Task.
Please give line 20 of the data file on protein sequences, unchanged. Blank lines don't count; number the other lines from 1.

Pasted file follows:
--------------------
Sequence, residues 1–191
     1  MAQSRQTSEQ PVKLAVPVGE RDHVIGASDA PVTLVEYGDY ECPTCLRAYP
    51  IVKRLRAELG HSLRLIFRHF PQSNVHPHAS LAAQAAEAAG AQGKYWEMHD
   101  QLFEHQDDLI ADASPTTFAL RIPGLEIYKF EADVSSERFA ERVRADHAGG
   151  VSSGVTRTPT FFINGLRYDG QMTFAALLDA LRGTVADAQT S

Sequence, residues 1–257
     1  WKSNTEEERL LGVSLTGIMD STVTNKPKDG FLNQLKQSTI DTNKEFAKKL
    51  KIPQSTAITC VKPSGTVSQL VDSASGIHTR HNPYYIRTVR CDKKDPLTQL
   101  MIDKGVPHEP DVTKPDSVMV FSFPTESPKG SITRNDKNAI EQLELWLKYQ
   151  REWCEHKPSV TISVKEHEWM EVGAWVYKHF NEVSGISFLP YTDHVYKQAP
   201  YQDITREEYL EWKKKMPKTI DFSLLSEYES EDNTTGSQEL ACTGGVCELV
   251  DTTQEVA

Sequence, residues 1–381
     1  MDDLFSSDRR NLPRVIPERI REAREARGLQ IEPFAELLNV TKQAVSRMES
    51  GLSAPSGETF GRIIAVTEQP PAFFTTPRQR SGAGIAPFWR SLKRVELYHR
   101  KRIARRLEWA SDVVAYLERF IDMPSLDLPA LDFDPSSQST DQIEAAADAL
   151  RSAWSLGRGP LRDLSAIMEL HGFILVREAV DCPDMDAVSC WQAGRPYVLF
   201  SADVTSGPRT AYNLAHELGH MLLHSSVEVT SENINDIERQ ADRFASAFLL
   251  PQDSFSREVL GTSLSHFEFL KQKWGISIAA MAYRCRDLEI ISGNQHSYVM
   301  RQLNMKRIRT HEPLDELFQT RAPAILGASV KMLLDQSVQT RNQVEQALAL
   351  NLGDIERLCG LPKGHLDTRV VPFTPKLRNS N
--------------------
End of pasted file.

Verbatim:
   301  RQLNMKRIRT HEPLDELFQT RAPAILGASV KMLLDQSVQT RNQVEQALAL